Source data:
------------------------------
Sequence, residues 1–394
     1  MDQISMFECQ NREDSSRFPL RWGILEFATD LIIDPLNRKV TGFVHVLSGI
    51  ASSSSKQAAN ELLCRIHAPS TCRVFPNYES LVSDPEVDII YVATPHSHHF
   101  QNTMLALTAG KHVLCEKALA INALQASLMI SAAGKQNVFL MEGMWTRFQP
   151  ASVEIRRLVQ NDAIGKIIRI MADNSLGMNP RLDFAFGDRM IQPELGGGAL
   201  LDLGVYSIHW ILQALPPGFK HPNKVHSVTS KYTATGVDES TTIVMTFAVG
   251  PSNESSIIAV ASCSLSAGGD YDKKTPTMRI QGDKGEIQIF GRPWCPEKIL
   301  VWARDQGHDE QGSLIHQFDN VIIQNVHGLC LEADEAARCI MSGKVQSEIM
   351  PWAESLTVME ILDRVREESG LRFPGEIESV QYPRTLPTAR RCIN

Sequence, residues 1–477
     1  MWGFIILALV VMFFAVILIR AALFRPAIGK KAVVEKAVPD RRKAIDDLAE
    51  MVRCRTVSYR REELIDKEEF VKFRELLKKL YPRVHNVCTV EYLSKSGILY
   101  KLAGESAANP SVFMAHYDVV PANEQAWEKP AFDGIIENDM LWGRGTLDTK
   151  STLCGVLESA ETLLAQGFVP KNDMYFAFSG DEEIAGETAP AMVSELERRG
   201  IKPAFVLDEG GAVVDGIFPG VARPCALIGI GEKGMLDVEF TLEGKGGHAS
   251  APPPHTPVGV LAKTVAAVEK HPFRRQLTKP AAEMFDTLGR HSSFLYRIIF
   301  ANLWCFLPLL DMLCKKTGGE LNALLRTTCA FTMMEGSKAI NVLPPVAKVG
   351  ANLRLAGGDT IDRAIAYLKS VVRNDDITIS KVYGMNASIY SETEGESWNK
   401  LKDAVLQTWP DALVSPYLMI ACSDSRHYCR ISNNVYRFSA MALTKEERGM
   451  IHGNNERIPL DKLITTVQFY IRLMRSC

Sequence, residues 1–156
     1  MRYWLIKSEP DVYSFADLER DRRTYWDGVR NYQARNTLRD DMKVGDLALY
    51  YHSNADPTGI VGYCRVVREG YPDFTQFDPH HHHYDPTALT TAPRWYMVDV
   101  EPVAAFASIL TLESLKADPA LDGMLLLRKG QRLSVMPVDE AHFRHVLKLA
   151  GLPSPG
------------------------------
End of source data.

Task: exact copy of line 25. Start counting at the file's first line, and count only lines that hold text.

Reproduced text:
   151  GLPSPG